Director – Benni Diez, Screenplay – Adam Aresty, Producers – Christian Becker & Benjamin Munz, Photography – Stephan Burchardt, Music – Antonio Gambale & David Menke, Visual Effects Supervisor – Sebastian Nozon, Makeup Effects/Creatures – Design of Illusion (Supervisor – Martin Schäper), Production Design – Jörg Möhring. Production Company – Rat Pack Filmproduktion GmbH/XYZ Films/Berghauswobke Filmproduktiom GmbH
Matt O’Leary (Paul), Jessica Cook (Julia), Lance Henriksen (Mayor Caruthers), Clifton Collins Jr. (Sydney Perch), Eva Slatner (Mrs Perch), Daniele Rizzo (Larry), Cecilia Pillado (Flora), Florentine Lahme (Gwen), Tony De Maeyer (Doctor)
Paul works as waiter for Julia who runs a catering company. The two go to set up for a function at the Perch estate. As the party gets underway, it is invaded by hordes of large wasps. The wasps burrow inside the bodies of the guests to emerge as creatures several metres long. Paul, Julia and several others take refuge inside the house, barricading themselves in from the fierce attack by the wasps, which have been grown to giant size by the mixing of growth hormones with insecticide.
Stung was the directorial debut for German director and visual effects artists Benni Diez who had previously made three short films.
There has been a long line of giant bug films ever since the 1950s. This was the heyday that produced the likes of Them! (1954), Tarantula (1955), Beginning of the End (1957), The Black Scorpion (1957), The Deadly Mantis (1957) and Earth vs the Spider (1958) to belated stragglers like The Giant Spider Invasion (1975) and Empire of the Ants (1977). The giant bug made an irretrievable slide down into cheesy B movie status quite some time ago and despite one or two valiant efforts in the last few years – Eight Legged Freaks (2002), Mansquito (2005), Big Ass Spider! (2013), Spiders (2013), Lavalantula (2015) – has remained there with little that has been done managing to successfully dislodge it. Thus yet another giant bug film – concerning giant wasps, no less – arrives with a ho-hum enthusiasm on one’s part.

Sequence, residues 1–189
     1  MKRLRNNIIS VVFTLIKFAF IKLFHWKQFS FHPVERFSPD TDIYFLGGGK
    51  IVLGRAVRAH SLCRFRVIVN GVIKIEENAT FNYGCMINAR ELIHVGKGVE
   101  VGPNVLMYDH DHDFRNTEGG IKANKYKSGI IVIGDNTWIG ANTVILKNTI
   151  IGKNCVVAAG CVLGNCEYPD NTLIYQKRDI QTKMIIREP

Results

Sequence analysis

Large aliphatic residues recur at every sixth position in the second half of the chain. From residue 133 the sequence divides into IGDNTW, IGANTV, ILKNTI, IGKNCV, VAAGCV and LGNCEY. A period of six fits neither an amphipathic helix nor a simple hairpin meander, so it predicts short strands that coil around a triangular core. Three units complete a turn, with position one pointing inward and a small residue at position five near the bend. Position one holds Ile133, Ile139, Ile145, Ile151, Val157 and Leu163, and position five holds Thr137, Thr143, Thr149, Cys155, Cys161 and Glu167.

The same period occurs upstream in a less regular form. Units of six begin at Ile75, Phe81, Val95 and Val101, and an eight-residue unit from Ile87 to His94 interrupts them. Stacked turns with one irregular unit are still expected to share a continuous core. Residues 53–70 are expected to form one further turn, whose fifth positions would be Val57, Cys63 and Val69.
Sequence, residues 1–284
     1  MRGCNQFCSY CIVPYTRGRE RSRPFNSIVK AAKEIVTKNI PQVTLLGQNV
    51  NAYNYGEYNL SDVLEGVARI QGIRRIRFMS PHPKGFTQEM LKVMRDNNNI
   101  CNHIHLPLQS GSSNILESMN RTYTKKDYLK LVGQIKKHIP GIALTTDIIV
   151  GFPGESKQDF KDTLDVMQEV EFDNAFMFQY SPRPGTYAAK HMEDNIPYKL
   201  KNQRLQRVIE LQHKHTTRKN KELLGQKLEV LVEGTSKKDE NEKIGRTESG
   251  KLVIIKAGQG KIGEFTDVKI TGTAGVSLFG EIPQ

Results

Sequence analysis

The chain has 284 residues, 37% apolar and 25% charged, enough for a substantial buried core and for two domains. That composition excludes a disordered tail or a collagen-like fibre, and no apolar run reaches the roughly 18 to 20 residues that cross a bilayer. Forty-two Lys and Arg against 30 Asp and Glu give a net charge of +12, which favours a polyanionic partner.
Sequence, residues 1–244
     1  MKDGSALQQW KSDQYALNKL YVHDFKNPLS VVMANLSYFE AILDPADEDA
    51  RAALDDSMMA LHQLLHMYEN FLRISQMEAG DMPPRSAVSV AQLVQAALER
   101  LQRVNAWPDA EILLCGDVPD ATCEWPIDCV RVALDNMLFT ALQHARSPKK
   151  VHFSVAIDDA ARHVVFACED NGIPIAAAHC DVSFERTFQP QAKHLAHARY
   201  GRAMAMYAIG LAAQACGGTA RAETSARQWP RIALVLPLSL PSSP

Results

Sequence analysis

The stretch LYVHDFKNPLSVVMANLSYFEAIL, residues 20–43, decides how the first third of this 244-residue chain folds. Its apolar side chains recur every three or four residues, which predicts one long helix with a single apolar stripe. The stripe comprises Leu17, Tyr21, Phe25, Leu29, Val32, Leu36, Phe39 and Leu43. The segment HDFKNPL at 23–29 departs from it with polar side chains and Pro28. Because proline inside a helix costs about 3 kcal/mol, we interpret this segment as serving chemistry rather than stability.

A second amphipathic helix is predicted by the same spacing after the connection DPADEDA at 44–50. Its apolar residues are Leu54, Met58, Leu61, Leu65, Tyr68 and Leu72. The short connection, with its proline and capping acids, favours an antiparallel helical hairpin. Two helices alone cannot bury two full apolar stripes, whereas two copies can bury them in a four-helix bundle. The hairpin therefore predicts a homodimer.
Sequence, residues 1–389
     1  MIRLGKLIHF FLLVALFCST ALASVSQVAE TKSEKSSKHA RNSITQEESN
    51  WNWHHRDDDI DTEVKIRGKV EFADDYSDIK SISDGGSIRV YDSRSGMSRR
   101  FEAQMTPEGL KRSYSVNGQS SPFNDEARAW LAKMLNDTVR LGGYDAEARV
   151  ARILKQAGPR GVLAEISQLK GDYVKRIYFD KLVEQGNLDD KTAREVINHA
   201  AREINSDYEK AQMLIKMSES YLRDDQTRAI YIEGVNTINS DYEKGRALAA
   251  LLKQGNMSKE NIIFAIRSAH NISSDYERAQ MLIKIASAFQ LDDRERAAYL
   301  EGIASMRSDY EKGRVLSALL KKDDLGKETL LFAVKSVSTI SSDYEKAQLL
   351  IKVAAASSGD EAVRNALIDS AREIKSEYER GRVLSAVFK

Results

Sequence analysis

Everything considered, Stung pleasantly overturns one’s expectations. The film sets out to be nothing more than a standard creature feature and as such entertains most capably. Benni Diez shows a considerable aptitude with the creature effects. Stung is a film that has essentially been predicated around having some gory and/or gooey happening every few minutes. There are some very entertaining scenes with the wasps attacking, large-sized versions of the creatures tearing their way out of human bodies, human-wasp hybrids and a climactic scene with the catering van being pursued by a giant flaming wasp, even the bizarre notion of a flying cow-wasp hybrid at the very end. With no more expectations than that, you have to admit that Benni Diez exceeds them and delivers something highly entertaining. Moreover, you also welcome a modern film in the giant bug genre that is taking itself serious and not constantly deflating its own inherent cheesiness or throwing in asides and in-jokes.
Stung even works well in terms of normally throwaway aspects like the characters. Lance Henriksen, the best-known name present, gives it the old college try and proves rather entertaining. Matt O’Leary is a name who has been bubbling under and proves to be a very likeable lead where he is more than capably balanced out by the unknown Jessica Cook. I can think of few films I have seen recently when you are actually rooting for the two main characters to acknowledge their mutual attraction and for it to work as appealingly when they eventually do.